Posted on | November 8, 2011 | No Comments
In his famous trilogy in five volumes (!) writer Douglas Adams declared dolphins to be de second most-evolved species on Earth (after, of course, mice). These marine mammals had created an elaborate language based on circus performance and whistling in order to warn man of the upcoming apocalypse.
Well, it appears that Adams wasn’t actually not so far from the truth. Not about mice, of course, but about marine mammals. It seems that proof has been made to the fact that sperm whales have a their own culture, independent of genetic or environmental factors. Each animal apparently has an individual sonic marker, a « name » so to speak. According to the hypotheses of Hal Whitehead, one of the two biologist behind this discovery, culture would allow sperm whales to regulate social behaviour in order to minimize potential damages incurred through the use of their sonar. It would also be of vital importance to these animals, constantly on the move in a changing habitat.
The emergence of culture as an advantage in evolution also casts a light on the role it plays in human society. After all our nomadic ancestors hunting in bands probably had to come up with their own mechanism in order to normalize behaviour in given circumstances. Today in the Western World, immediate threats have mostly vanished from our physical environment. Is culture any less important?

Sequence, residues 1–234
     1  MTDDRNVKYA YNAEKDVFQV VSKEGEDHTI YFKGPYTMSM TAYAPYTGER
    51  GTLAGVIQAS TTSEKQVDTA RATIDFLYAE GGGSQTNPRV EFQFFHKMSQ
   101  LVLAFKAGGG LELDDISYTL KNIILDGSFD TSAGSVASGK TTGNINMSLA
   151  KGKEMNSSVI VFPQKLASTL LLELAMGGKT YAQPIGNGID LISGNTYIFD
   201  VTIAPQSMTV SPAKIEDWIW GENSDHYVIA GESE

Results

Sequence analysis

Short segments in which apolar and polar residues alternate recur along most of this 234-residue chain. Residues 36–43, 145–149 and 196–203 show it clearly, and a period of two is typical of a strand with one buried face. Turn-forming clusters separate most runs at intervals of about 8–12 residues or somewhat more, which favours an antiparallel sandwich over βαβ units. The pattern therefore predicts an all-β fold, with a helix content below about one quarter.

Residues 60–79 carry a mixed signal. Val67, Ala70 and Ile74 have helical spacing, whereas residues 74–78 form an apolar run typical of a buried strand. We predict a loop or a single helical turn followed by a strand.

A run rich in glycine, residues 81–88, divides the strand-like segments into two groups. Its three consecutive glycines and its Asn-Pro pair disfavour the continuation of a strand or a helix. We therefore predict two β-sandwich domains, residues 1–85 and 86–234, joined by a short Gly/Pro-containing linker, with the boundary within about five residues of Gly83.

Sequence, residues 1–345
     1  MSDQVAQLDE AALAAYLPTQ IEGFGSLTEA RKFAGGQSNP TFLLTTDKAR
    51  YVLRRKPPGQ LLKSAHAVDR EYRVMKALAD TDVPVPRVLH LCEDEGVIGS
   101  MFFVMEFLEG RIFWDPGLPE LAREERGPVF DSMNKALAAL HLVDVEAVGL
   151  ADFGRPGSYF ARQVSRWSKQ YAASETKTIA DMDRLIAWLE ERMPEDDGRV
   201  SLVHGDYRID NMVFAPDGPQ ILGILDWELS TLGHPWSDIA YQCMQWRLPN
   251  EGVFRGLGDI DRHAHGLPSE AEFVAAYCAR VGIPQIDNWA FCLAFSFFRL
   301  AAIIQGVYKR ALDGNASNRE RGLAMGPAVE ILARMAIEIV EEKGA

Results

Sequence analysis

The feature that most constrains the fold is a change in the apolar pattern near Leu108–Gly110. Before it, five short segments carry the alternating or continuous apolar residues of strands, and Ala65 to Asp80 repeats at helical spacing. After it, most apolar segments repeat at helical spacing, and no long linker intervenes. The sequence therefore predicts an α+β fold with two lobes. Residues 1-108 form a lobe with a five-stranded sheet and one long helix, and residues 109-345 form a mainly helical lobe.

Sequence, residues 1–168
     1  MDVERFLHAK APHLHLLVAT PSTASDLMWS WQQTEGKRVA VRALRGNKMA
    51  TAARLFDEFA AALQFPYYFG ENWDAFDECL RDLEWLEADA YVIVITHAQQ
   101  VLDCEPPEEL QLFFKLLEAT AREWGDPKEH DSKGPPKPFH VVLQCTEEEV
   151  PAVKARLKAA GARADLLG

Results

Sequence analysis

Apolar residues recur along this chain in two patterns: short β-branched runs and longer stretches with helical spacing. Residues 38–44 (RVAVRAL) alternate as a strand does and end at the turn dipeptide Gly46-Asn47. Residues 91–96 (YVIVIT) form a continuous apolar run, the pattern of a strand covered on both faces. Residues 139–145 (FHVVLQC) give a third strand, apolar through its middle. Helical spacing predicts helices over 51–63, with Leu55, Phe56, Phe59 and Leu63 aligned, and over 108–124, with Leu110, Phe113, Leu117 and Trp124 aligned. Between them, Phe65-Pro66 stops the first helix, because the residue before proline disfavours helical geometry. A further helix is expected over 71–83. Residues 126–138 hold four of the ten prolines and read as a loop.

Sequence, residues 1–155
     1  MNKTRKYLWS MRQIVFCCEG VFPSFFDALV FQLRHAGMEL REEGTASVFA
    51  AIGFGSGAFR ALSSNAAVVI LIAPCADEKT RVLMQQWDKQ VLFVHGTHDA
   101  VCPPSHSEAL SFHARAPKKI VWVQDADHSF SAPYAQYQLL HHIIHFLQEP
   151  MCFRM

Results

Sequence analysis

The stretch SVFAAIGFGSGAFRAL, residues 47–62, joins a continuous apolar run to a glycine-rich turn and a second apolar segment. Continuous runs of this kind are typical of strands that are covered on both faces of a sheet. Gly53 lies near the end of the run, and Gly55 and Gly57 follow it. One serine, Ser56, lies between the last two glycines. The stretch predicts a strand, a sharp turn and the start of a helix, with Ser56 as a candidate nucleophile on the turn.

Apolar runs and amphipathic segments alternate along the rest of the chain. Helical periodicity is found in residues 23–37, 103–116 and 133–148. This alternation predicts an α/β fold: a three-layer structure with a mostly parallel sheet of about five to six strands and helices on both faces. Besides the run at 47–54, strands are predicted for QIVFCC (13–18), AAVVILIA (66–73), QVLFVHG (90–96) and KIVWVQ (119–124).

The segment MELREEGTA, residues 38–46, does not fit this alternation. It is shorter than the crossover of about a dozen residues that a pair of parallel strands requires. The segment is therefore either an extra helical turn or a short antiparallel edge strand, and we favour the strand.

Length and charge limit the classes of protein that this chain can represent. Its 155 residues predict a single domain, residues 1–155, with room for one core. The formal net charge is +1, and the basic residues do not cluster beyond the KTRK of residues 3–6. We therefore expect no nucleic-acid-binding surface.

Not at all! It is now the social and technological environment which evolves ceaselessly – so again culture may be the best tool we have to face these changes. The important reaction around the world at the death of Steve Jobs may support this hypothesis. The iPhone, a new channel for cultural content, also was the incarnation of the modern telecommunications revolution and Jobs, its creator, was one of its main gurus. It is not so much the loss of an inventor that shook us rather than the loss of a cultural reference.
But the point is that if culture help us to better understand our environment, it is important to support it, to feed it and to encourage those who participate in it, who enrich it and work in it. Far from being a burden or an unjustified expense, cultural investment may actually contribute to social development. Its content is unpredictable, reacting to ever-changing stimuli in our world. Rather than limit itself to a project-based approach, we should also support structural infrastructures and put forward spaces devoted to the creation, diffusion and appreciation of culture.
From an evolutionary point of view, it’s an obvious advantage!